This describes the procedure for adjusting the slide valves on the simplified Walschaerts valve gear as fitted to certain Roundhouse locomotives, so that they open and close at the correct time.
It assumes that the return cranks have not been disturbed, as these are drilled and pinned during construction so that they do not move from their optimum position of 90 degrees in advance of the drive crank pin.
Carefully remove the valve chest covers from the cylinders, and replace two screws in each to hold them in position.
Set the valve gear to mid position and look down into the valve-chests and note the position of the slide valves. They should be sitting centrally over the steam inlet ports, covering both. If they are not, disconnect the radius rod from the valve spindle fork end and rotate the valve spindle to screw the slide valve in the desired direction.
Re-connect the radius rod and re-check position. There may be a small amount of fore and aft free movement of the valve if the spindle is moved with the fingers, which just uncovers the steam ports. If this is the case, adjust the valve position so that the ports are opened an equal amount when moved thus. Repeat this with both sides until the valves are correctly positioned.
Set the gear for forward running, with the radius rods lowered in the expansion links.
They should be positioned near, but not right at the bottom of the expansion link. The gear is now set for forward running so, rotate the wheels by hand in a forward direction and watch the slide valve movement.
The edge of the steam ports should become visible (crack open) as the crank pin on the drive axle is at dead center. The front steam port should be cracking open at front dead center and the rear steam port at rear dead center.
Any adjustment is achieved by disconnecting the radius rod from the valve spindle and rotating half a turn at a time as described above.
As an example, if the front port is opening when the crank pin is before front dead center (too early) and the rear port is opening when the crank pin is after rear dead center (too late), then the slide valve should be moved forwards on the valve spindle. This will force it to open the front port a little later and the rear port a little earlier and is achieved by rotating the valve spindle anti-clockwise.
Set the gear for reverse running, with the radius rods near, but not right at the top of the expansion links and rotate the wheels in the reverse direction.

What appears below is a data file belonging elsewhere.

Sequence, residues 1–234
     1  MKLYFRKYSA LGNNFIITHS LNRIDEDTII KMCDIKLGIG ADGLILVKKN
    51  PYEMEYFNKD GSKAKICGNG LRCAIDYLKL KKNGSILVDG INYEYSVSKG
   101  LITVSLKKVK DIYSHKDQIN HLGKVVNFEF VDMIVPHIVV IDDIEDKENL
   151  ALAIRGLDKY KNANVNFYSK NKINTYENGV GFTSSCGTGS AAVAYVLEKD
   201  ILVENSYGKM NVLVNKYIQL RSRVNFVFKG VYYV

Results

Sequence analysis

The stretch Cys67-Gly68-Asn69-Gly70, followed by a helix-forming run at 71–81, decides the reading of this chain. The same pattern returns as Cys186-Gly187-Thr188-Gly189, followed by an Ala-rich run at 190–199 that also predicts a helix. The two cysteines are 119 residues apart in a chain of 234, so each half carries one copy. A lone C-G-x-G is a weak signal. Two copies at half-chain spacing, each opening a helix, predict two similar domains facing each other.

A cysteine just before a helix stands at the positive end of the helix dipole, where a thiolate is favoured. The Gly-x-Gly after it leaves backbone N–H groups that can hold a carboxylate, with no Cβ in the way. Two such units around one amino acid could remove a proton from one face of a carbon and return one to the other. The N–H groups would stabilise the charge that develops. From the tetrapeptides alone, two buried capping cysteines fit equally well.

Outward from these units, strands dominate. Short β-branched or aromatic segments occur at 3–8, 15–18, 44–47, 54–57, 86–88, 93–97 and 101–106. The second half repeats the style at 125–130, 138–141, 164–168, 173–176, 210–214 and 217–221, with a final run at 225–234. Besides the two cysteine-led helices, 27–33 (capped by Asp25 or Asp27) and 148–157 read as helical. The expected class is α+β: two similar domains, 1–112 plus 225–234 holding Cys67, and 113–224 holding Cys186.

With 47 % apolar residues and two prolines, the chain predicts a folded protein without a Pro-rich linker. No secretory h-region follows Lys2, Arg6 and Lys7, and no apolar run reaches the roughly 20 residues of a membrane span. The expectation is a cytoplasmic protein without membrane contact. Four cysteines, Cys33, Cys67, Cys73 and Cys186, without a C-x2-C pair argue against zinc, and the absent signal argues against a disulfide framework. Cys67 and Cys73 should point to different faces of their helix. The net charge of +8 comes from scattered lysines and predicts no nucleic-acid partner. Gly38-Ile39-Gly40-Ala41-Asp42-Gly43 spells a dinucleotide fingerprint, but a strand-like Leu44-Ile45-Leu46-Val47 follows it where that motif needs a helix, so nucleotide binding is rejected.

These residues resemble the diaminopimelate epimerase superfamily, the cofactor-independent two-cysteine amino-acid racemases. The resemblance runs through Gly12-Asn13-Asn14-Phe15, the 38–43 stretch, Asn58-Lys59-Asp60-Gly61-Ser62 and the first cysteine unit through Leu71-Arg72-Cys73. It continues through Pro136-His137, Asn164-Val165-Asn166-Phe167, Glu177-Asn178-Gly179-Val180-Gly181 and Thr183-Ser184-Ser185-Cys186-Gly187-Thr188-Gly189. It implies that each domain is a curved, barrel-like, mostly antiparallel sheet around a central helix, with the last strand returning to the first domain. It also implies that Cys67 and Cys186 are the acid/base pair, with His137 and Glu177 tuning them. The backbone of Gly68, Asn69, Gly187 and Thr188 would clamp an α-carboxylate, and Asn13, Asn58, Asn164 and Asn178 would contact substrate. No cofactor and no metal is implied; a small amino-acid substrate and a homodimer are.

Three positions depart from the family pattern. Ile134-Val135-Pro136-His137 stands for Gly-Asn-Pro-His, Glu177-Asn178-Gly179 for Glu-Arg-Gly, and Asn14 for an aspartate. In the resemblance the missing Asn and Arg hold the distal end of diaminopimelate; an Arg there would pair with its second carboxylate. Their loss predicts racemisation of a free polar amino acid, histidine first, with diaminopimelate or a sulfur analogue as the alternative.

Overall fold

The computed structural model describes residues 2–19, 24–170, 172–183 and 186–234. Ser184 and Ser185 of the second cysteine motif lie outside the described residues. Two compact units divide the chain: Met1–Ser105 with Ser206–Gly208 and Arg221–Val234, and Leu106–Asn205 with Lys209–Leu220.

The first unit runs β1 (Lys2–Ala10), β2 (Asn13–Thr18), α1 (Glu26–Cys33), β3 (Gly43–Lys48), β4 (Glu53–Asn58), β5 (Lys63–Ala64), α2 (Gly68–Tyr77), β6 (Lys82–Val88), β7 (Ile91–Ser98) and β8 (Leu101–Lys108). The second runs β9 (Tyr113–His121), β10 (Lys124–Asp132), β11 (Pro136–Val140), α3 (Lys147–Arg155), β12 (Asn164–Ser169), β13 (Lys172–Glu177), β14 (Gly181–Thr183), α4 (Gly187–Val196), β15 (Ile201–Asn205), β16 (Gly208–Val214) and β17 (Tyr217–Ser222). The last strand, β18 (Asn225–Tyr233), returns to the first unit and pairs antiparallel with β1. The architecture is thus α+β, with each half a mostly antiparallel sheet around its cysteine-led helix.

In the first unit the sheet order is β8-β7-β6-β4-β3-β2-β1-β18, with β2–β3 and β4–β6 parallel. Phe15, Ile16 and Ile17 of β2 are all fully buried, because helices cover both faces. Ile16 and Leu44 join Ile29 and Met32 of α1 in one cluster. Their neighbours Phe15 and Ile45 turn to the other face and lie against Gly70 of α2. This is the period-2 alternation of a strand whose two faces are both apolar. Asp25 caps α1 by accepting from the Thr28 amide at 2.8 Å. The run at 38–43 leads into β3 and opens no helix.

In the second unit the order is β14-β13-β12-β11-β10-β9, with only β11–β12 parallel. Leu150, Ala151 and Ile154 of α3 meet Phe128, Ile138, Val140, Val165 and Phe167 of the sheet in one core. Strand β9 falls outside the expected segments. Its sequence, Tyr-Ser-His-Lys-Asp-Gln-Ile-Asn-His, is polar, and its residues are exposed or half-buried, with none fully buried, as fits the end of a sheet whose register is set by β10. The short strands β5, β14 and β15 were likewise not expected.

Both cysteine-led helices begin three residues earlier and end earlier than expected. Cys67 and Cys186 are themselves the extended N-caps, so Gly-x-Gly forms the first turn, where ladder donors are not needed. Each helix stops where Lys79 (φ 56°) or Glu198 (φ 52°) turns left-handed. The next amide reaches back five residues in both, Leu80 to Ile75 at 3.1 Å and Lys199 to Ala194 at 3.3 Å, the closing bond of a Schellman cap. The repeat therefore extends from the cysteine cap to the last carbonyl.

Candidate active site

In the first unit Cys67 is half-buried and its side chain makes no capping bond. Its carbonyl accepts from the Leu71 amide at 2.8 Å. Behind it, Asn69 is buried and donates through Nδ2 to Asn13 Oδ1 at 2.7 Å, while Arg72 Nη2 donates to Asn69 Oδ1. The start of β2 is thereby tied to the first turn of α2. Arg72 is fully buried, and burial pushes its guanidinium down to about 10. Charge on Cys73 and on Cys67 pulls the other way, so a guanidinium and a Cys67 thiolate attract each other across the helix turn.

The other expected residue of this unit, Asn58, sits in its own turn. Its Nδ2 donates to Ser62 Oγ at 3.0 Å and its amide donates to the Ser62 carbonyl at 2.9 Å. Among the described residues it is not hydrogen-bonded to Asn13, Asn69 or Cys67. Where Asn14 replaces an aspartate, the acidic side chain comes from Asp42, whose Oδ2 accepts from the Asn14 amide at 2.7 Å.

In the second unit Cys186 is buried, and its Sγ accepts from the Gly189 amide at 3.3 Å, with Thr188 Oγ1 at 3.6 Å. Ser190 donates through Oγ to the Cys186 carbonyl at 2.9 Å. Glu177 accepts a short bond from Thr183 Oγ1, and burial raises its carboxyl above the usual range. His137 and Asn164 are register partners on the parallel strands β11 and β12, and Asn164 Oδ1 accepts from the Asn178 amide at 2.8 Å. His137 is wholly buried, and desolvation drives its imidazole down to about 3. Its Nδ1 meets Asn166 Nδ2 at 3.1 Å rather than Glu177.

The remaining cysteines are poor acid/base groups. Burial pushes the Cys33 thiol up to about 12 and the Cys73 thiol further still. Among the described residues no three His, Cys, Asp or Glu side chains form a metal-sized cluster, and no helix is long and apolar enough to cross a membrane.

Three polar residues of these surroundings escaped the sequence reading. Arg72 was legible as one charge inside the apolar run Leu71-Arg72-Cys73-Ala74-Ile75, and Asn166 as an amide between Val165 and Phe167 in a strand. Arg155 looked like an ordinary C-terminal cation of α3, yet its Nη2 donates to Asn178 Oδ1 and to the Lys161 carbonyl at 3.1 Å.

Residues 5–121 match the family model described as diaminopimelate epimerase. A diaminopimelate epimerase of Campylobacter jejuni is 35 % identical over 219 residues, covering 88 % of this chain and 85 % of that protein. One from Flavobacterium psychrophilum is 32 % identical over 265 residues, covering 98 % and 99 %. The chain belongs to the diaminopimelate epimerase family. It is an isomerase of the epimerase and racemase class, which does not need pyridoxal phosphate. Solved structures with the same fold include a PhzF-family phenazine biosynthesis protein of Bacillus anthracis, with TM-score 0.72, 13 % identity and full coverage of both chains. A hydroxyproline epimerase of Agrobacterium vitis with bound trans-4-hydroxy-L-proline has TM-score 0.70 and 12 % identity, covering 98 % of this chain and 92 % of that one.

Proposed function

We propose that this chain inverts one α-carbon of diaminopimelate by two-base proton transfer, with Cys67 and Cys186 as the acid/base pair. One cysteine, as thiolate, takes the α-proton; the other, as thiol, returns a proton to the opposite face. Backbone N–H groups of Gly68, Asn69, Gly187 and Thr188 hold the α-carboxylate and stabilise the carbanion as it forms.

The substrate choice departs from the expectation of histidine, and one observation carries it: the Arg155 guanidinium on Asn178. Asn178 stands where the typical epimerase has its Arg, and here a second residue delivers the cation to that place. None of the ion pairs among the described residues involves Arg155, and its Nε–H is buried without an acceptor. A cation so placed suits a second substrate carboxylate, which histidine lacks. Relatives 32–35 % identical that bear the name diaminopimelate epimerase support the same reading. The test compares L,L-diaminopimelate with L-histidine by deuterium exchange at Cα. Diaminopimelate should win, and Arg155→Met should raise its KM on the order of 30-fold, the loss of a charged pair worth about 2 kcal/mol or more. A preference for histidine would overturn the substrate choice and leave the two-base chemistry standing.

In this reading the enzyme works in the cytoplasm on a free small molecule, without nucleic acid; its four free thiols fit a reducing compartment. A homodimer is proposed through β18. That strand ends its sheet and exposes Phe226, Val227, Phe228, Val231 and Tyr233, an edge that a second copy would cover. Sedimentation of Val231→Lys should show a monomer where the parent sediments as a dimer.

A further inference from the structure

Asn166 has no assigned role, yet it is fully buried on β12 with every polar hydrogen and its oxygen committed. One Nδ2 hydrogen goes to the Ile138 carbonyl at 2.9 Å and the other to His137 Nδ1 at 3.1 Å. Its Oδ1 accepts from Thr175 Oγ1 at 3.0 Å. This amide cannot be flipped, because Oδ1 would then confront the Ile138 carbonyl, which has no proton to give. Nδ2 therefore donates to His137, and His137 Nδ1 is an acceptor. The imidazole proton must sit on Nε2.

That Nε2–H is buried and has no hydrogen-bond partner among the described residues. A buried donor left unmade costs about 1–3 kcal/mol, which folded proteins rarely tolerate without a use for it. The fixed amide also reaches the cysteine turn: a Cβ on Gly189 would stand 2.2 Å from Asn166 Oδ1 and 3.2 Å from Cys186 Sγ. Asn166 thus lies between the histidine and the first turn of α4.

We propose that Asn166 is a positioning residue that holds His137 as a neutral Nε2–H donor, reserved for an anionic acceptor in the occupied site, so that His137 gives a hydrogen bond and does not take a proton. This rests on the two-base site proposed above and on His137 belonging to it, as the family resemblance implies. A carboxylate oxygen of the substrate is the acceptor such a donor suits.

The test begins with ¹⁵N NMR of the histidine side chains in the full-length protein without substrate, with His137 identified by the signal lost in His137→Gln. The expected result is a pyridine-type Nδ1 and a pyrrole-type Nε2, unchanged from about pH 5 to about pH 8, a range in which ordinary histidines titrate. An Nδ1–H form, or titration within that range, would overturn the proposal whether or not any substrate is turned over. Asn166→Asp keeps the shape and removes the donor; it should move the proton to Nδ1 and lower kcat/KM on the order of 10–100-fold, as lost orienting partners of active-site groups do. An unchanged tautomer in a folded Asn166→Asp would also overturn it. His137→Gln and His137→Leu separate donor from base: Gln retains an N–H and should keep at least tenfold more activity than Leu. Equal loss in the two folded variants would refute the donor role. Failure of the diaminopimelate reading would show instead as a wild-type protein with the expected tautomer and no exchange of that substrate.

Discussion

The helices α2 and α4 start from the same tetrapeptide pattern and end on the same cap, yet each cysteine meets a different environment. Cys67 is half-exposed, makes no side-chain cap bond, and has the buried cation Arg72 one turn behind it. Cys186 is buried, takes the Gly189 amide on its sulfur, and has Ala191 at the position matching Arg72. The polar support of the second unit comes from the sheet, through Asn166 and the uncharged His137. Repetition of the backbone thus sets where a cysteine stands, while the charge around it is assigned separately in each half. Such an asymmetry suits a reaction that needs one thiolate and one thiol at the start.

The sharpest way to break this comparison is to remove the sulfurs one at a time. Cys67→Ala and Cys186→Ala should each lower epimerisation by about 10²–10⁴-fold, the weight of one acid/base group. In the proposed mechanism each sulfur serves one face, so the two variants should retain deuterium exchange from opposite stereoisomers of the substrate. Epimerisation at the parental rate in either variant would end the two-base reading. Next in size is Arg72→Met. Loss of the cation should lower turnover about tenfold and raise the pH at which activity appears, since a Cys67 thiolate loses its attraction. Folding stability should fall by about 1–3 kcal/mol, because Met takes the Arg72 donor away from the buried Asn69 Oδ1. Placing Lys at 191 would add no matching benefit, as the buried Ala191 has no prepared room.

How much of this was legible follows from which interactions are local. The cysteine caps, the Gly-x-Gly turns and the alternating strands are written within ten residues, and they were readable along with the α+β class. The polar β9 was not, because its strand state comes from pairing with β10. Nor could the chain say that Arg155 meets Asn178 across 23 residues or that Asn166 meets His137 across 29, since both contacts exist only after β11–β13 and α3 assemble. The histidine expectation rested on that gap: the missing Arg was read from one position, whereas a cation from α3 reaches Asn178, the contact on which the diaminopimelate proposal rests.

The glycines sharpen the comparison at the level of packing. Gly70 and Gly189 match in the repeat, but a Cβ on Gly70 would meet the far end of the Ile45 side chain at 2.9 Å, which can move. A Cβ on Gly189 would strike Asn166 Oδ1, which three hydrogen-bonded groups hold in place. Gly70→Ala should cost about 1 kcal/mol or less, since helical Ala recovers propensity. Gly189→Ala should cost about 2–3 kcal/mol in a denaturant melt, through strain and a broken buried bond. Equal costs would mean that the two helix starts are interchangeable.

As before, the edge of the steam ports should become visible (crack open) as the crank pin on the drive axle is at dead center. The front steam port should be cracking open at front dead center and the rear steam port at rear dead center.
The idea is to get as equal a balance as possible between the port openings when the drive crank pins are at either front or rear dead center s in either forward or reverse running direction.
The actual valve opening position will vary depending on how worn the valve gear is. The more wear in the linkage, the later the opening will become, so don't worry if you are unable to achieve port 'cracking' at exactly crank pin dead center. What is more important is that it should be balanced i.e. 2 degrees after dead center for all openings.
If it is not possible to achieve roughly balanced port openings, it could be due to other problems in the valve gear as follows.
This should lead the drive crank pin by 90 degrees in the forward direction of rotation.
There are three different lengths of eccentric rod used on Roundhouse models with lengths of 74.01 mm, 67.11 mm and 42.02 mm between hole centers. Distance should be measured as in diagram.
The center of the curved slot on the expansion link, must coincide precisely with the center of the pivot to which it is attached. If it does not, the arc described by the top half will not be a mirror of that described by the bottom half.
Once you are happy with the visual settings, the valve chests can be closed ready for a steam test.
Squirt a little steam oil into the valve chest as you replace the top cover and gasket, to help lubricate and seal the valve. Note that the valve nut has a flat machined on it, which must be to the bottom when sitting it down into the slide-valve. If it is not, the valve spindle will lock up and may be damaged when the valve chest cover screws are tightened.
When the locomotive is capable of running on the track under its own steam, the timing can be fine-tuned for best performance.
Set the loco off on a reasonably level length of track at a slow speed. If it stalls, note the position of the drive crank pins and if either is at front or rear dead center. Repeat this several times and it will soon show up if there is a 'dead spot' at any particular point of the valve cycle. If, for instance, it keeps stalling with one particular crank pin just after rear dead center, then this would indicate that the slide valve is opening a little late. Disconnect the radius rod on that side and rotate the valve spindle half a turn to move the slide valve forward a fraction as detailed in valve timing earlier. Reconnect the radius rod and try the loco again in both directions to check that your adjustment has not simply removed that dead spot only to replace it one in a different position. A short time spent running the engine and making adjustments of just half a turn of the valve spindle at a time should soon show its optimum positions.
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© 2001 Roundhouse Eng. Co. Ltd.